George M. (264497)

He transformed a gang-infested South LA high school where kids were too afraid to attend into a place where enrollment swelled into the thousands and hundreds more who desired admission were put on a waiting list.  

Classrooms that were once covens of delinquency became pathways to success.

Teachers who fled in fear for their lives were replaced with instructors who didn’t just teach but led with a commitment to go beyond the call of duty.

This was George Washington Preparatory High School in late 1979.  This was former Principal George McKenna III’s defining moment.

The California African American Museum (CAAM) will hold “It’s a Reunion! Washington Prep High School” from 6:30 to 9 p.m. on Wednesday, July 18 located in Los Angeles’ Exposition Park at 600 State Drive. Admission is free, parking is $15, and registration is encouraged.

“I was approached by Washington Prep Alumni Tonya Matthews who heard about the CAAM exhibit and shared how many successful creatives from the entertainment industry came from the community despite its perceptual challenges,” said Chelo Velasco Montoya, director of Education and Public Programs at CAAM.

Montoya said Matthews provided a list of names of notable alumni which reads like a Hollywood red carpet. They panelists will include actress Wendy Raquel Robinson best known for her roles on the sitcoms “The Game” and “The Steve Harvey Show”; producer and writer Devon Sheppard, a writer on Showtime’s “Weeds” and a show runner on “The Legends of Chamberlain Heights’ on Comedy Central; and hip-hop recording artist and actress Yolanda Whitaker, also known as Yo-Yo, one of the most critical influential female voices of hip hop who collaborated with Quincy Jones, Ice Cube, Tupac and others.

L.A. legend Dr. George McKenna, who was actually portrayed by Denzel Washington in a film based on his contributions to the school, will moderate.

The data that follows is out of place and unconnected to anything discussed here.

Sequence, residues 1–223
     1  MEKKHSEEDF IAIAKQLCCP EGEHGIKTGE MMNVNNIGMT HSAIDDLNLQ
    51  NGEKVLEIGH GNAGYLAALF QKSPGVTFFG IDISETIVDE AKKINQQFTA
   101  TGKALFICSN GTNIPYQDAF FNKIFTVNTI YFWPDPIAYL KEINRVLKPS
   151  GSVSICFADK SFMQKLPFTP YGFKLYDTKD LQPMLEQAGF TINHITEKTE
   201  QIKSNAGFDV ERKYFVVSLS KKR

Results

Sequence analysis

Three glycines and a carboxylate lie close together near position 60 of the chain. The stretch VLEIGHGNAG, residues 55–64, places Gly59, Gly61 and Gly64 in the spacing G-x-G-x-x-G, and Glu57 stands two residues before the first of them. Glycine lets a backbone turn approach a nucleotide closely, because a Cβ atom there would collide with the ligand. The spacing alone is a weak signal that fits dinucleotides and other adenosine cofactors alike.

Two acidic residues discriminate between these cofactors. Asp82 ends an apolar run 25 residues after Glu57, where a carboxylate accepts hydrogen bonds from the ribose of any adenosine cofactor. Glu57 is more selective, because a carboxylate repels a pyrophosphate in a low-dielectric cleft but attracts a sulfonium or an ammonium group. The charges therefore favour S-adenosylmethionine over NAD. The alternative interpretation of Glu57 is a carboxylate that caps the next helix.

More than 30 years ago, CBS-TV aired the groundbreaking biopic titled “The George McKenna Story.” A cast of emerging Black stars highlight McKenna’s dangerous job as principal of a tough, inner-city school.  Oddly, the movie has been renamed “Hard Lessons” and can be seen on Netflix.

Perhaps the movie title change reflects how education has either forgotten or feels it has moved beyond that era.  Ironically, the movie was made about McKenna’s success in transforming a school, but today the Los Angeles Unified School District still faces low-performing public schools and charter schools that overpromise and under deliver.

“…a movie should not be about a school that works,” McKenna was quoted saying in a publication called “L.A. School Report” in 2016, the 30th anniversary of the movie. “It should work. Why should it be celebratory when it does work rather than invoking outrage when it doesn’t?” he added.

Ideally, he’s right.  “It should work.”  

In 1962, McKenna accepted a teaching position in the LAUSD. While continuing his education at Loyola University Law School, the University of California, Los Angeles and California State University at Los Angeles, McKenna remained a teacher, working at both the secondary and college levels.

McKenna became principal of George Washington Preparatory High School in 1979.  This was a unique time because the Athens community where the school is located was predominantly White.

“Following the Watts apprising of 1965, the diaspora of “White flight” resulted in 0% Caucasian students by 1970,” said McKenna who currently serves on the LAUSD Board of Education, District 1.

“African-American enrollment was nearly 90%, and the “Crips” gang originated in Athens in 1968. “  The rush of Black parents to voluntarily buss or integrate their children combined with White flight produced a perfect storm.  While McKenna navigated through the storm, he’s not a big believer in integration as much as he is a proponent of just good schools no matter what the student population is made of.  

Although this is a star is a star-studded reunion, the topic of discussion will focus on both humorous and sobering lessons learned from the past and how to uplift Los Angeles Unified School Districts burgeoning challenges.

Now, nearly 80, he has a vast repertoire of experiences to impart to educators, parents and students, making the CAAM event a mandatory attendance for all the above.

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